Water at 60 degrees Celsius can result in a second-degree burn after 3 seconds and a third-degree burn after 5 seconds in adults , with even shorter exposures required to produce burns in children . The Child Accident Prevention Trust therefore recommends a bath hot tap water temperature no higher than 46 degrees Celsius . However, boiler and immersion heater thermostats are frequently set at 60 degrees Celsius or above [8, 9]. A UK study of over 200 electric immersion heaters found 71% were set at temperatures above 65 degrees Celsius  and a recent survey of 165 homes in Wakefield, UK, found a mean bath hot tap water temperature of 60.4 degrees Celsius . Infants' and toddlers' baths are typically in the range 32 to 41 degrees Celsius and adults' baths in the range 34 to 45 degrees Celsius . Hence current tap water temperatures in many homes are high enough to cause severe burns and are much higher than the temperatures that families usually bathe at.
Scald prevention interventions aimed at encouraging families to test their hot water temperature have had only limited success. Fewer than half the families who received counselling by paediatricians and a free thermometer, tested their water temperature . A mass media campaign which provided 140,000 free thermometers did not result in an increase in hot tap water temperature testing, and only half of those that tested their water and found it to be above 54 degrees Celsius lowered the water heater thermostat temperature . Interventions aimed at encouraging families to reduce water heater thermostat settings in Canada and Australia have also had limited success; either because the majority did not reduce the setting  or reduced it insufficiently to reach the recommended safe setting .
Interventions not requiring active participation by families have been more successful in reducing tap water temperatures. Legislation in the USA in 1983 requiring new water heaters to be pre-set at 49 degrees Celsius was associated with a reduction in the percentage of homes with tap water temperatures above 54 degrees Celsius from 80% to 23% over the five year period post legislation . Hospital admission rates, the total body area burned, the proportion requiring grafting and the proportion scarred were all lower in the period 1979 to 1988 than in the 1970s .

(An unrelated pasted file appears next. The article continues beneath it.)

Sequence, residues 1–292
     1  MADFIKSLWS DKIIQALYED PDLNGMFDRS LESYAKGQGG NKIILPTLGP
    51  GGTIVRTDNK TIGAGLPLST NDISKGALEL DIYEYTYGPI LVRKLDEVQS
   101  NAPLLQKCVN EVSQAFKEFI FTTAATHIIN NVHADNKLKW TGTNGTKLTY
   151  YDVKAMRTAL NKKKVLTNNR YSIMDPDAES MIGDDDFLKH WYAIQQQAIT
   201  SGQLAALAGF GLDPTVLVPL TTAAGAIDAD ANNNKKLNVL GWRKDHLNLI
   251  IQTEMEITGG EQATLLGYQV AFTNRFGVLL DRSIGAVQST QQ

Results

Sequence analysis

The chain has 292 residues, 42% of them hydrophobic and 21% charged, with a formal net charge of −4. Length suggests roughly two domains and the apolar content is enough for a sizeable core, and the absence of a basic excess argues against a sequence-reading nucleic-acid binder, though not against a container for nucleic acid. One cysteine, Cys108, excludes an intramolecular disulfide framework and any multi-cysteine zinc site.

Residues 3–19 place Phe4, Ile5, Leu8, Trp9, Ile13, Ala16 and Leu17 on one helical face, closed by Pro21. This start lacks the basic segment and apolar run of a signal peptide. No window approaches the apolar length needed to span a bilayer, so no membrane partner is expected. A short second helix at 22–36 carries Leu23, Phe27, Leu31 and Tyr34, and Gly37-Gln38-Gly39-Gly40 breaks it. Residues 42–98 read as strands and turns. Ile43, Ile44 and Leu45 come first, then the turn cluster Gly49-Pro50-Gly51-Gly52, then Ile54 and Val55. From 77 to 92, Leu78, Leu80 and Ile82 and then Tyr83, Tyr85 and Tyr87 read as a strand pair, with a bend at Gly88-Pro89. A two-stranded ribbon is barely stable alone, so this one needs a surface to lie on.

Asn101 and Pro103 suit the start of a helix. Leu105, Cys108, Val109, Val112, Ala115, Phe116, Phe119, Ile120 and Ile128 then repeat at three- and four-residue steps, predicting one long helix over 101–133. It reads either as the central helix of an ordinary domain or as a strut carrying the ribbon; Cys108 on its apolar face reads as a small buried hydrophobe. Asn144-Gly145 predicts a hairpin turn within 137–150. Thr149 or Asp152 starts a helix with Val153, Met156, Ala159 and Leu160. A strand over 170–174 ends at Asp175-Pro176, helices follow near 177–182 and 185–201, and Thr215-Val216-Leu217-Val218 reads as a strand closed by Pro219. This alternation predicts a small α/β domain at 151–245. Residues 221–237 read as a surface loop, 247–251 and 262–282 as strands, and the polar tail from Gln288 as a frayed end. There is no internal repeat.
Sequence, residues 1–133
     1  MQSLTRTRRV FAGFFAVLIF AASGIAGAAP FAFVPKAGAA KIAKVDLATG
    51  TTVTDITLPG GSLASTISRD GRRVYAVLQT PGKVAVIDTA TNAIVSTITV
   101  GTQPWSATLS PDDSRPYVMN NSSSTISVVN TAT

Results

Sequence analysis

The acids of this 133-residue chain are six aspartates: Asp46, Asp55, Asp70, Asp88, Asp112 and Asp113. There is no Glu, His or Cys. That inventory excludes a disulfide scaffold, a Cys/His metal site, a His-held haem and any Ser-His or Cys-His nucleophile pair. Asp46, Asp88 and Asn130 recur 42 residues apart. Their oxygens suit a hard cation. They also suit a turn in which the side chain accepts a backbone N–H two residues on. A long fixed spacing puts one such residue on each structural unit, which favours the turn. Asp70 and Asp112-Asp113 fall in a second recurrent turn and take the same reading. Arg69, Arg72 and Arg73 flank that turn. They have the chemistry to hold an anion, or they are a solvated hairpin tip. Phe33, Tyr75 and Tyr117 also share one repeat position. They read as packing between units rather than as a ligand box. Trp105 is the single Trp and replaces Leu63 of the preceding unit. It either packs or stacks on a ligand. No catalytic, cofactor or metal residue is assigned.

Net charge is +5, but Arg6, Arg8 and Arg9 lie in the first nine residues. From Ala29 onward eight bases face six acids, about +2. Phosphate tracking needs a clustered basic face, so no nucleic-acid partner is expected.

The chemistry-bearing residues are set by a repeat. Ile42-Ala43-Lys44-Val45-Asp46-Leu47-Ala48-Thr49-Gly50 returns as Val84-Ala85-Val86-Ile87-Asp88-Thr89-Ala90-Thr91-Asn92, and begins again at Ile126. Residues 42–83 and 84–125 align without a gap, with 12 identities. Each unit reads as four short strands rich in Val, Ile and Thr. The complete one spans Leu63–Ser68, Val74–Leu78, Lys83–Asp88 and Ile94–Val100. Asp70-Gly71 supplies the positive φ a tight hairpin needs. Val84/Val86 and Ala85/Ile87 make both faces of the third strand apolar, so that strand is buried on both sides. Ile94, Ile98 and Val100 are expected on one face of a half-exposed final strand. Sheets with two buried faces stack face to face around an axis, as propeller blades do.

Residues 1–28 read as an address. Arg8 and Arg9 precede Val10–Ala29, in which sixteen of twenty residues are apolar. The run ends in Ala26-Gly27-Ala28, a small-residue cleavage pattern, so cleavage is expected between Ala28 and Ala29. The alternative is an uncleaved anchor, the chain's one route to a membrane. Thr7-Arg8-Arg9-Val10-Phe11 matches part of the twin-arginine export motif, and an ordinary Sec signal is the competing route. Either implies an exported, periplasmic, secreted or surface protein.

Thermostatic mixer valves do not rely on active participation by families. They restrict hot bath tap water temperatures but do not reduce the temperature of stored hot water or interfere with heating systems, and allow a supply of hotter water to different sites within the home. They are fitted across the hot and cold water supply pipes to the bath, allowing the hot bath tap water to be set at a fixed temperature, in spite of pressure and temperature fluctuations in the water supply system. A pilot project in the USA fitted 20 anti-scald devices in the homes of families with pre-school children in 1993. These devices were effective in reducing tap water temperature, but 19 of the 20 needed to be removed in the first 9 months after fitting due to sediment build up . A recent small uncontrolled study in California found a lower hospital admission rate for childhood scalds in areas which received a scald-prevention program which included fitting anti-scald devices in 37 homes, but only 60% of valves remained fitted and functional 6 to 12 months after fitting . An evaluation of the 'Hot Water Burns Like Fire' campaign in Queensland, which included legislation mandating fitting hot water tempering valves in new homes, those undergoing major renovation or having a new hot water system, found a significantly higher hot water temperature and scald injury rate post-legislation than pre-legislation . To date there have been no randomised controlled trials assessing the effectiveness, acceptability and cost-effectiveness of thermostatic mixing valves.